The side switch has a black plastic boot with a clear window in the center to allow backlighting. It’s got some slop before the click and it feels kind of mushy, but it’s functional. When the light is on, a backlight indicates the battery status through the switch. green means good charge left, red means low charge, flashing red means critically low charge. The backlighting is very bright so you won’t have any trouble seeing it in most lighting conditions.

Carry & Ergonomics

Ergonomically, C8L is pretty good. The beefy switch necessitates a longer body tube so you can get a full grip on the light, which is nice. In a forward grip, my thumb lands perfectly on the side switch. In a reverse grip, there’s plenty of room so my fingers don’t feel crowded. The only grip that isn’t great is a cigar grip because the light’s a little front-heavy and the body tube is cylindrical.


To alleviate this, I designed and 3D-printed a tactical ring (STL download) that drops in between the body tube and tailcap.


The only included carry method is a pretty basic lanyard and that works fine. I found that C8L fits nicely in a Convoy C8 belt holster as well. It’s too big for pants pocket carry but it’s fine in a jacket pocket.

Tailstand: is not possible. The ears on the tailcap are just for lanyard attachment. They don’t extend past the switch for tailstanding.

Batteries & Charging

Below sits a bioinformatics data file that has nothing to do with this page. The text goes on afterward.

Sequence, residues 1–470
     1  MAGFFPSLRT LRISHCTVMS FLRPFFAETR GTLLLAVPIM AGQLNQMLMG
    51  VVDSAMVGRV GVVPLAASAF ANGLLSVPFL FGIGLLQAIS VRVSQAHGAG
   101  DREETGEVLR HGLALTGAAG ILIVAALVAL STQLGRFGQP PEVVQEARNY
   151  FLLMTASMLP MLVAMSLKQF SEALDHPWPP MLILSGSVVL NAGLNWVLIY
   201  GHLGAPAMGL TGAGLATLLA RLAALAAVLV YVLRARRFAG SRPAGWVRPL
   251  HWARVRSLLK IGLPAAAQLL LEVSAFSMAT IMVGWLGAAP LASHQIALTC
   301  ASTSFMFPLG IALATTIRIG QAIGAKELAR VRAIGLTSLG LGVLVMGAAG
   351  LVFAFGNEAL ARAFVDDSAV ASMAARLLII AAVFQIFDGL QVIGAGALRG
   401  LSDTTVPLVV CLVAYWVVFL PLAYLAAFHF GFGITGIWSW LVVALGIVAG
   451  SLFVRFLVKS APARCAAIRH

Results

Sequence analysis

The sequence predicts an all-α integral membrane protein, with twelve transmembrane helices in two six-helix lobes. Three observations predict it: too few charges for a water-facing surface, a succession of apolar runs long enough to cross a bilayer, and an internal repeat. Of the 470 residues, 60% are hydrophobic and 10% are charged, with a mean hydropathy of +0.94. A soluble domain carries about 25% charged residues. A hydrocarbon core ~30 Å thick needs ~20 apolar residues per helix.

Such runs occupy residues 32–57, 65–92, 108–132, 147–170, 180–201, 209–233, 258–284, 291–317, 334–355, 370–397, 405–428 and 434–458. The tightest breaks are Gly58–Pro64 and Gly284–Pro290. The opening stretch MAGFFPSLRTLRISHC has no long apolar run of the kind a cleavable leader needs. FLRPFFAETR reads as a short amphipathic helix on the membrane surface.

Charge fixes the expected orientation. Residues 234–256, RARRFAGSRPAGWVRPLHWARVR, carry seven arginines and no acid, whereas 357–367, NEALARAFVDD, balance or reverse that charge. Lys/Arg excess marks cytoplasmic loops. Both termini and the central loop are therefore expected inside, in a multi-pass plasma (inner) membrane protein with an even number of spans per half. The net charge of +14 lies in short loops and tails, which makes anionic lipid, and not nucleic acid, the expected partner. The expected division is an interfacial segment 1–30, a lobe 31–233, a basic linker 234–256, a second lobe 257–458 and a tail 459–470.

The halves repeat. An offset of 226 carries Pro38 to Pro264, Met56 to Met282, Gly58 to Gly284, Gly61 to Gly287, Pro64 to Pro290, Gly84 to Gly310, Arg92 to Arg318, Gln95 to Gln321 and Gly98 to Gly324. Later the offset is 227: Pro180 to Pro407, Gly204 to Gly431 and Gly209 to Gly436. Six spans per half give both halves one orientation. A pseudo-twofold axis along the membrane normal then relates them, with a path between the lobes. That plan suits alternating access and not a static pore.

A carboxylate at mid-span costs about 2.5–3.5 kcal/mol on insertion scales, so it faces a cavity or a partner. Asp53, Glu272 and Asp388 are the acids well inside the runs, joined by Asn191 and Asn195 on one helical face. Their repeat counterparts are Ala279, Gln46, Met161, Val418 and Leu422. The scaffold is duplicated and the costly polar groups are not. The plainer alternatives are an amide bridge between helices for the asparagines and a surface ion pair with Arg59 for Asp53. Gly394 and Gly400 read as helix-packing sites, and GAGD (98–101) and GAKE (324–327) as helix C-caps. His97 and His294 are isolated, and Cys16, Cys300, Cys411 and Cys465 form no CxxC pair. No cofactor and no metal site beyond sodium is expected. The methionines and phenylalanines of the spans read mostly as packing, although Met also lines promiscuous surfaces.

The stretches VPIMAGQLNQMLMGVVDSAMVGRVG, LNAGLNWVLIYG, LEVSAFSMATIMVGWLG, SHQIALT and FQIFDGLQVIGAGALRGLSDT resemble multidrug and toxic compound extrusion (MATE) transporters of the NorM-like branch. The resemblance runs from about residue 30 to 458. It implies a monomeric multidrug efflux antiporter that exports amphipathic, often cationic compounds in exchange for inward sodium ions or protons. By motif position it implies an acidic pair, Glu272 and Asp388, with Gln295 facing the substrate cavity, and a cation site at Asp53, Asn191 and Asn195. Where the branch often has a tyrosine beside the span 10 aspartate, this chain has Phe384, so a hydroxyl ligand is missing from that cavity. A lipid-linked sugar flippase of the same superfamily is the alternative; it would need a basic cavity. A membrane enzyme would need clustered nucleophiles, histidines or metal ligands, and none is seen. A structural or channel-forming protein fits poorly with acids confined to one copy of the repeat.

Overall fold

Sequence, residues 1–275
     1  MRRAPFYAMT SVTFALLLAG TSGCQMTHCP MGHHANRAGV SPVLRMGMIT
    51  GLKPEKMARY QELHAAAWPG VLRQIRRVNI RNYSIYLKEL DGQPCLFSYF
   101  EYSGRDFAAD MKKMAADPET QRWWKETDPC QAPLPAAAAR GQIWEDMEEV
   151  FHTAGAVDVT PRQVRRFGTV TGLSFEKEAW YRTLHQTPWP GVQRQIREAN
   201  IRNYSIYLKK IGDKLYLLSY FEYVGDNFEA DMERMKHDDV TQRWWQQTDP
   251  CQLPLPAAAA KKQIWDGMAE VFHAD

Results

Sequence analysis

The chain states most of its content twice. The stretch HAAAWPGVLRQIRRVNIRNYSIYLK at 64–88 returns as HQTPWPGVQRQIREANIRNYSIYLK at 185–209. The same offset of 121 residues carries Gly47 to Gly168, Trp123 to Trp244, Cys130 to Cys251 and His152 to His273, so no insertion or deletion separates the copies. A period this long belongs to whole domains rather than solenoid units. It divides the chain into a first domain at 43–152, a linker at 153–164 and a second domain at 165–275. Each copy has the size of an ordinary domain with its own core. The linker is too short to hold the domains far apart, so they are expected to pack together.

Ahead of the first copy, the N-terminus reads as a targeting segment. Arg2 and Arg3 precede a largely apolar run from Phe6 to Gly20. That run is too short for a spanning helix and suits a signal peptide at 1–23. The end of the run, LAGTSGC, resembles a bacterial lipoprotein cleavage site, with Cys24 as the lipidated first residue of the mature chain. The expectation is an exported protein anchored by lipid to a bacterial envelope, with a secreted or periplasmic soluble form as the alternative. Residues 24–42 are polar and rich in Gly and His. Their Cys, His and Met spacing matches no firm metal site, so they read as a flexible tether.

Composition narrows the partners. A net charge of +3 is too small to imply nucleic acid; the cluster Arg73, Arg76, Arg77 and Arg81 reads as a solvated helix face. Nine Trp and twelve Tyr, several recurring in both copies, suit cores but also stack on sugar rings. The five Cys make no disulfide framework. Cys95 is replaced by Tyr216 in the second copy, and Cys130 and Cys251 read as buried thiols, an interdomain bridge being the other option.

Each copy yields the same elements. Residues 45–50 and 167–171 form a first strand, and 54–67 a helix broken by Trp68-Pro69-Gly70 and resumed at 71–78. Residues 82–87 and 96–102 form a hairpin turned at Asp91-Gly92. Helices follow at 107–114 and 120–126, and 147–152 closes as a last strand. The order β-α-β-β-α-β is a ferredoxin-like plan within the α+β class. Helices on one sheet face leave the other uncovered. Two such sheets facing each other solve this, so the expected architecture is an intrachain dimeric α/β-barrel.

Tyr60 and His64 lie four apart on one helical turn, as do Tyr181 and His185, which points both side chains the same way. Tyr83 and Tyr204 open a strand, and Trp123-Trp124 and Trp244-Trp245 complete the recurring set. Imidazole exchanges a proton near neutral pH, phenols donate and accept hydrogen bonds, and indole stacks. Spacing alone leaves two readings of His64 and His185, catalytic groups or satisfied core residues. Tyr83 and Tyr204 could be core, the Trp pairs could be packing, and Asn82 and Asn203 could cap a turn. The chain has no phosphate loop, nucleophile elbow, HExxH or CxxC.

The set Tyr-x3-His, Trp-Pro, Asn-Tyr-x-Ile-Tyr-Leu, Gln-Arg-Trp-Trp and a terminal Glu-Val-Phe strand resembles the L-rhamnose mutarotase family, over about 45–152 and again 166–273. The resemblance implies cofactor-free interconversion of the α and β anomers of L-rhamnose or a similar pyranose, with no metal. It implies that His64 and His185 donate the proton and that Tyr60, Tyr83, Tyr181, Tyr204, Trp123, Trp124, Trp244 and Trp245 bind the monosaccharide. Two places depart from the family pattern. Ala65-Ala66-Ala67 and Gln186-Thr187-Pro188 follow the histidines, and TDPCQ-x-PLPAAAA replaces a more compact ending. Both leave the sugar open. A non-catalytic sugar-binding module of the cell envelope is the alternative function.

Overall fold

C8L uses one 21700 battery. A Sofirn-branded 5000mah unprotected flat top cell is included. Button tops will work fine since there are dual-springs. Some protected cells may fit too, but not the super-long ones with a USB port built in. Any non-proprietary 18650 will work fine and a spacer is included. You don’t need particularly high discharge for C8L either, so high-capacity 10A cells should be fine.


A USB-C charging port is built into the side of the light, opposite the button. Sofirn used their awesome large charging port cover here, and I have no concerns about its reliability. C-to-C charging works just fine and it can be used while charging, but only in eco mode by clicking the side switch. Charging took a little over 4 hours and stopped at 4.23V, which is a little high but not dangerous. There is no powerbank function.


Here are some lights in the same class and how they compare.

Sofirn C8G: basically a predecessor to C8L with a separate charger and worse LED & driver.

Sofirn C8F: floodier, high CRI, triple-LED cousin to C8L with a separate charger



I ended up liking C8L even more than I expected. It’s a great budget tactical light with a good UI, great beam profile, good performance, good build quality, and all the included accessories you need to get up and running.